The tale of the turbulent year since Barack Obama's historic election win is told by his evolving political theme: Once he promised "Change We Can Believe In," but now he warns that "change is hard."
On Nov. 4, 2008, Obama bathed in the adoration of a crowd of tens of thousands in a Chicago park, after beating Republican John McCain to the presidency in an election that promised to reshape his nation.
They chanted "Yes we can" on that clear hope-filled night in Obama's hometown, and tears streamed down thousands of cheeks as the president-elect proclaimed America was still a place where anything was possible.
"It's been a long time coming," Obama said. "But tonight, because of what we did on this date, in this election, at this defining moment, change has come to America."
A year on, the historic promise of America's first black president is being tested by the grim grind of governing a divided nation humbled by the worst recession in decades.
Abroad, Obama's policy of engaging U.S. foes has yielded few breakthroughs so far, and the president who came to power vowing to end one war, in Iraq, now must decide whether to escalate another — in Afghanistan.
Obama is battered, his political magnetism is dimmed, and he stands accused by opponents of masterminding a disastrous government expansion.
But despite everything, he is still standing, with his approval rating above the crucial 50 percent barrier that defines a viable presidency, and some historic reforms tantalizingly within reach.
Before the end of the year, the president may be celebrating a landmark healthcare reform bill and a foreign policy victory with a U.S.-Russia deal to trim nuclear stocks.
He can take comfort in shepherding the U.S. economy back to growth — though rampant unemployment presents a grave political threat. His Nobel Prize suggests he made good on a promise to rescue the US image abroad.
"He has delivered more than most presidents, and more quickly than most," said Bruce Buchanan, a government professor at the University of Texas.
Had it not been for the huge expectations in the United States and abroad, Obama's first 10 months in office might seem more of a success.
"Change is hard," Obama said as he signed a bill slashing wasteful defense spending last week.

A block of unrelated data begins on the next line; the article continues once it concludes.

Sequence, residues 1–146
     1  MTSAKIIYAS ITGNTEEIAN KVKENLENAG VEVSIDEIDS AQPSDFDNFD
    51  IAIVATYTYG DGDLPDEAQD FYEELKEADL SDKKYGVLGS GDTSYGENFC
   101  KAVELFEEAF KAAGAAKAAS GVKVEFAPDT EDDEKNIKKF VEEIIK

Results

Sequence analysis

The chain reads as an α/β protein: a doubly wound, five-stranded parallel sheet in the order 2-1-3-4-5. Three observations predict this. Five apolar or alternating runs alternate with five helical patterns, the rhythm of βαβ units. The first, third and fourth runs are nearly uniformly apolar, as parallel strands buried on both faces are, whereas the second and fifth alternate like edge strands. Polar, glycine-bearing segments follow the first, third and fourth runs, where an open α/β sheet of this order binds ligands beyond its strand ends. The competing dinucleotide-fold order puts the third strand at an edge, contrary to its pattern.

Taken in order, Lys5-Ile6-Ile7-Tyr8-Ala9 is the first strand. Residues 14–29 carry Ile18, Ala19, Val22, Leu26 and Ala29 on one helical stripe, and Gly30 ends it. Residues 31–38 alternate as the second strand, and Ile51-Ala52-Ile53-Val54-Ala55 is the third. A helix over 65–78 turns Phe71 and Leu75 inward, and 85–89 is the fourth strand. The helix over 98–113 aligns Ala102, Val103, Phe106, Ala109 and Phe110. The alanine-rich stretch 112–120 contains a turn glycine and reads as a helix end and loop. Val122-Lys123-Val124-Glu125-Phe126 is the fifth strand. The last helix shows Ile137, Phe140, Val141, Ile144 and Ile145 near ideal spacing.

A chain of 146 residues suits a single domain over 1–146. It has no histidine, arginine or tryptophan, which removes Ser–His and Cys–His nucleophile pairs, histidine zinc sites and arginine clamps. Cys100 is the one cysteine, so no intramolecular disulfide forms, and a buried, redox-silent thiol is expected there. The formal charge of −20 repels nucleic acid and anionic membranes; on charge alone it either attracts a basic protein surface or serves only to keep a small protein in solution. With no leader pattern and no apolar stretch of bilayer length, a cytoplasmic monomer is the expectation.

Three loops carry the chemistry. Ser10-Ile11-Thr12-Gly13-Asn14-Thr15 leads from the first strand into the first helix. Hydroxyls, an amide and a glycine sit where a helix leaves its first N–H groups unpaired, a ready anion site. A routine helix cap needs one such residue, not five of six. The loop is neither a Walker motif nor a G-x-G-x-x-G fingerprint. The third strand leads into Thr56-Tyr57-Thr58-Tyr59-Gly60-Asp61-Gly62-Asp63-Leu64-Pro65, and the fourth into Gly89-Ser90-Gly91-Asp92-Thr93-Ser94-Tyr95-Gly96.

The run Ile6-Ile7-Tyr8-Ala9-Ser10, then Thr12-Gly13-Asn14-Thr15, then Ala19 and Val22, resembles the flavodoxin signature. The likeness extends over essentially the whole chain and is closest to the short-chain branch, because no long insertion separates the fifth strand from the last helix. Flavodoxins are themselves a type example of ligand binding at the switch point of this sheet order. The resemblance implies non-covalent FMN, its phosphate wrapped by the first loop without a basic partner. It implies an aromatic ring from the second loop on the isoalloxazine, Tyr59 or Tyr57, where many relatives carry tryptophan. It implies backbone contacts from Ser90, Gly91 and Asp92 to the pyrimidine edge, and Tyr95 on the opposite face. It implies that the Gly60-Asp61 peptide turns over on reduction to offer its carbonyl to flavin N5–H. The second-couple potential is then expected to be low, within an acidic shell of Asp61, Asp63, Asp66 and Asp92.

"Change isn't supposed to be easy," he said in Florida a few days earlier.
"Change doesn't happen overnight," he told Democrats the next day in Virginia.
Promises made during the monumental election campaign have proved tough to fulfill.
Obama's political program, the most ambitious in decades — with plans for landmark health reform, financial regulation and a battle against climate change — has stumbled in Congress.
The ugly political mood he promised to quell meanwhile rages louder than ever and dictated that only three Republicans voted for the $787-billion economic stimulus bill passed in February.
For now, passing that rescue package stands as one of Obama's top domestic achievements. Democrats say it revived the economy and created a million jobs. Republicans call it a colossal waste of money.
Hanging over the Obama presidency in the next year, ahead of elections that could test Democratic control of Congress next November, is unemployment running at nearly 10 percent.
Hopes for a swift rebound are tempered by tight credit markets, a massive deficit and a lingering mortgage crisis, and Obama somehow must divest the government of its huge crisis-induced role in the economy.
Obama promised to close the Guantanamo Bay prison camp within a year. But that deadline probably will be missed.
Where change has come, it has been incremental, not the stuff of a glorious presidential legacy.
Obama lifted curbs on federal funding for stem-cell research, banned torture, outlawed pay discrimination for female workers, reined in predatory credit card companies, and launched a push for a green energy economy.
On the international front, he has transformed the climate for U.S. diplomacy, and he promised a "new beginning" with the Muslim world during a powerful speech in Cairo, Egypt. But Republicans derided his efforts as more of a global apology tour.
Nuclear talks with Iran are on a knife's edge, and the Islamic Republic has snubbed Obama's "open hand."
His efforts to forge Israeli-Palestinian peace hit a brick wall, North Korea tested a nuclear weapon, and Afghanistan has deteriorated.
But Obama's promise to pull all U.S. troops from Iraq still seems on track, though it may take longer than supporters hoped.
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